Farmhouse Ribs

IMG_7764Summer is full on now, no dew in the mornings, and warm breezes through the night, with lots of eating out of doors, watering of gardens, and chatting in the shade. The cows hunker down in the copses in the valley for the afternoon, flicking their tails, and chewing their cuds. The three horses all gather in our big walk-in shelter, waiting until the afternoon heat subsides. In the late afternoon, we take the dogs down to the beach for a swim and retrieve session, cooling us all down. July on the Gulf Islands is only surpassed by August on the Gulf Islands.

We gather more often for casual meals in the summer, most likely because it’s easier. No one wears much of anything anyhow; flip-flops and cut-offs are our A-list of fashion. It feels easier to drop what you’re doing, come on over, get a cold beverage, and visit while dinner gets ready.

I have no concerns about braising meats in the summer. It doesn’t really matter if the oven’s on low for several hours, as we’ll be eating outdoors anyhow. One of my favourite summer meals is ribs & coleslaw, we usually have some bread or rice to accompany it, and maybe some pickles, and if we’re really being fancy, a tossed salad. The ribs get braised for 3 hours, and can be cooked just before finishing them, or the day before, ready to be glazed with the BBQ sauce.   They still taste wonderful, and the meat falls off the bone. I put out a big dish of them, letting folks take as many as they want, with lots of napkins to clean off sticky fingers.

We sit and talk until dusk, most of the meal is put away, but we’re still lured to stay put, enjoying the few first cooler breezes of the night. These nights the sky is light well past 9:00, but by the end of August, we’ll be finishing our outdoor dining in the flickering light of candles and mini lights, while we watch the stars get brighter above. Continue reading

Glazed Harissa Spiced Pork Ribs with Roasted Oranges

IMG_7642Our community is often on the look out for great fund-raising ideas for our little island for different social assistance programs, the school, and maintaining & improving our community hall. The essentials are that it be interesting enough to attract at least 30% of our population, be something that we can pull off with the expertise we have at hand, and an event that makes the most money possible given the first two requirements.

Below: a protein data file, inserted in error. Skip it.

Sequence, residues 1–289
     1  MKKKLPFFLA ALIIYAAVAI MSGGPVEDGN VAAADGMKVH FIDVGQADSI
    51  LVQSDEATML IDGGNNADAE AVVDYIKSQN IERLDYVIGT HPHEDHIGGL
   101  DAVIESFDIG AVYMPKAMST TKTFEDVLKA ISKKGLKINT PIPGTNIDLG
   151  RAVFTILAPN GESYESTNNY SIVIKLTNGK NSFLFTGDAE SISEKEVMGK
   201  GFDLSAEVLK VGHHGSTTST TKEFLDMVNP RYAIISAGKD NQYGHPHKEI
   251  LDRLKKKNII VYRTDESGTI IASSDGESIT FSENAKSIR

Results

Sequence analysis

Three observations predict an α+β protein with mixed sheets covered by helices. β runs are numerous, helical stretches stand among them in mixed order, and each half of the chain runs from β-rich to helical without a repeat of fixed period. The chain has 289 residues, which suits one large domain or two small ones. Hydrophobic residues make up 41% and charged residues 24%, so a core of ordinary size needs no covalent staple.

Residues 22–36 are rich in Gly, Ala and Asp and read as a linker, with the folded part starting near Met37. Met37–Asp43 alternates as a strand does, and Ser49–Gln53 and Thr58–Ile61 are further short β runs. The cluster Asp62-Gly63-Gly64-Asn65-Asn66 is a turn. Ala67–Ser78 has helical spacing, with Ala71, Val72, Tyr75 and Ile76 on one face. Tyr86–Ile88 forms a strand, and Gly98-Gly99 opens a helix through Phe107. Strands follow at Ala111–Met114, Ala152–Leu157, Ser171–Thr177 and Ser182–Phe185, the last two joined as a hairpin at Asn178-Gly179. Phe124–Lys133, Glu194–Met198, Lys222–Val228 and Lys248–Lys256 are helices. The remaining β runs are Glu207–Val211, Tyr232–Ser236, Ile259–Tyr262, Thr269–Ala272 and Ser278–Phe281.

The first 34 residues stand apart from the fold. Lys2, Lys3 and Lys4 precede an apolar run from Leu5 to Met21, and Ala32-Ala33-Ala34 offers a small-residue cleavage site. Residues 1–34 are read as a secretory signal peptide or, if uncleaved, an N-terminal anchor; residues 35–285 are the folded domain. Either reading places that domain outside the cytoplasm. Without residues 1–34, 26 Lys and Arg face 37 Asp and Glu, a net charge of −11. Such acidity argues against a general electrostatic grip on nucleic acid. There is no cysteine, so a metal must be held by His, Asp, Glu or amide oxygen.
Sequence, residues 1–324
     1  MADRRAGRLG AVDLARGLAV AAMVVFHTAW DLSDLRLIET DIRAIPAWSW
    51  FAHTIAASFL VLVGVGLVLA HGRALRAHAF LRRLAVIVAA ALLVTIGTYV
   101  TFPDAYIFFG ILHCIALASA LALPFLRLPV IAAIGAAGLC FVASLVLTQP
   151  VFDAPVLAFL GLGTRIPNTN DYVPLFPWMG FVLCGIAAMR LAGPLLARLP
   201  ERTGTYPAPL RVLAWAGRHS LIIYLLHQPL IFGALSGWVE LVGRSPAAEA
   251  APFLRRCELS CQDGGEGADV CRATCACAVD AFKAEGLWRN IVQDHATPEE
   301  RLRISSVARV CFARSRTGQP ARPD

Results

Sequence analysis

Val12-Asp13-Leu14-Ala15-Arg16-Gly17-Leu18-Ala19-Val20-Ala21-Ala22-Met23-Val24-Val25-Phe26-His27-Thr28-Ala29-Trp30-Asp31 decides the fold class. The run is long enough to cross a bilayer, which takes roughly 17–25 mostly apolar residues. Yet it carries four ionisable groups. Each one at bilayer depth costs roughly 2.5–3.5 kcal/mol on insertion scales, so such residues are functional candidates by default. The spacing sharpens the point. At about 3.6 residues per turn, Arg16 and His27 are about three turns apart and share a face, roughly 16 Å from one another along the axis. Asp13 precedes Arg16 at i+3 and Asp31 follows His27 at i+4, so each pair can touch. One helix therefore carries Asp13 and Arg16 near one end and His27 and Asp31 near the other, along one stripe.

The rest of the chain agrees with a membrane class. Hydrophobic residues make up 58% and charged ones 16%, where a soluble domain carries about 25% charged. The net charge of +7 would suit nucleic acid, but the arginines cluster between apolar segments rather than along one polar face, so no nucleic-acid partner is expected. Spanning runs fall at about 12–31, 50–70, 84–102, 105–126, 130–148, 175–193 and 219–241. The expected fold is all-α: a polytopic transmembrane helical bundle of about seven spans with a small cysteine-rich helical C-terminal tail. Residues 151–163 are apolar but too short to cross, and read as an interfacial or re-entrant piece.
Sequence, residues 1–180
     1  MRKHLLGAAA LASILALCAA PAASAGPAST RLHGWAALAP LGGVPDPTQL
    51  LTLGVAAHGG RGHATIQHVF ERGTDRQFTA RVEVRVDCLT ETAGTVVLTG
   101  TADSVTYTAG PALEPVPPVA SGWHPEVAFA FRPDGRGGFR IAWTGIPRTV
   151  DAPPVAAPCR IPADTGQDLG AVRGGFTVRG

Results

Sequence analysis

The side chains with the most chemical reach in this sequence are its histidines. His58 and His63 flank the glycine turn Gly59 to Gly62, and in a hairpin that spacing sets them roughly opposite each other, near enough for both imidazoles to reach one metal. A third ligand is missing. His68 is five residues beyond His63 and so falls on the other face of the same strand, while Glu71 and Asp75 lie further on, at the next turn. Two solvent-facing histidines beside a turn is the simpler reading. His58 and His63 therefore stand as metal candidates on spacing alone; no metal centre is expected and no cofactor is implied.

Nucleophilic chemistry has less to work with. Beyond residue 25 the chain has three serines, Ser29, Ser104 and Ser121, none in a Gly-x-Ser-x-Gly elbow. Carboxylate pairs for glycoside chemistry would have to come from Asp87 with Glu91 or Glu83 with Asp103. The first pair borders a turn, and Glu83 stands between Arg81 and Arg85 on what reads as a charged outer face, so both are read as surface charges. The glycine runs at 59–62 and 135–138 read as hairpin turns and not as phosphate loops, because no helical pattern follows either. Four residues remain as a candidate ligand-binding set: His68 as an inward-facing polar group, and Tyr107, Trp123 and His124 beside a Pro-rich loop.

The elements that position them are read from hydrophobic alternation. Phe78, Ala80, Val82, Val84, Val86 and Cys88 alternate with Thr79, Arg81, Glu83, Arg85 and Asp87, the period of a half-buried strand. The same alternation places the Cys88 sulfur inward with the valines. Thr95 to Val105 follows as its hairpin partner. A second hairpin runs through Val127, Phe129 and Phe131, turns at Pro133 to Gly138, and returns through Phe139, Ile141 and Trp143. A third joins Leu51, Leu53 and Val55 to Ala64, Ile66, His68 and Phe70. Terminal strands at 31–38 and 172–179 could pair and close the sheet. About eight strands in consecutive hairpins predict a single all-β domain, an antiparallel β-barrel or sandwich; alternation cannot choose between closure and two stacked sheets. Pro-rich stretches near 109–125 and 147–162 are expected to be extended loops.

One year we decided to do a walk-a-thon to raise funds. We don’t have a circuitous route on Thetis, so we had boats move us from one road end point to another. Already we had a built in infrastructure consideration that made the walk more interesting! The walk was planned for a Saturday morning, so some of us realized that most people would already be here the night before, so why not feed them?

I led the group, and we served big servings of lasagne and Caesar salad. This was the event that I created my Roasted Vegetable Lasagne for. We sold 80 tickets for $15 within the first three days, and as there were only 350 residents on the island that was pretty good!

Then my head started tumbling over ideas… If we already had a captive audience, how about doing some sort of auction?

Our house is full of art. We have many pieces waiting to get hung if another piece gets moved. What if others are in the same boat? What if some of that art isn’t ever going to get hung? What if we had an auction where folks could put the art up for auction whether it’s a print or an original; acquired or created by themselves? What about artisans? Before I knew it, the idea had created itself!

By the time of the event, we had a beautiful quilt, original sketches, acrylics, funny little thrift shop finds, and some amazing current and antique prints offered for sale.

I can’t remember how much money we made that night, but I do remember the quilt being sold for $1,500. Many people took home new art, as well as selling one of their own pieces.

The weekend was a huge success, and although we didn’t offer the art auction again the next year, the walk-a-thon continued on for several years raising money for our little one room schoolhouse.

A decade or so later, in 2011, the community dusted off the idea of an art auction. Instead of being a last minute idea, we would take the time to figure out logistics, and try to make it a “huge” event. This year will be our 4th in a row, and each year has done substantially better than the past.

The main draw, besides an awesome evening out, is the dinner. We have decided to go with a Moroccan inspired meal this year, so from an appetizer tent to the main meal served on linen clad tables on the tennis court, every item draws from the southern shores of the Mediterranean.

I spent most of a day figuring out this recipe for this year’s event. Braising the ribs in harissa spiced orange juice, and incorporating roasted oranges to the final glaze, which elevated a basic rib recipe into something exotic. The ribs can be glazed either on the barbeque (as we’ll be doing for the event) or simply glazed in the oven, as I’ve done with them here. Continue reading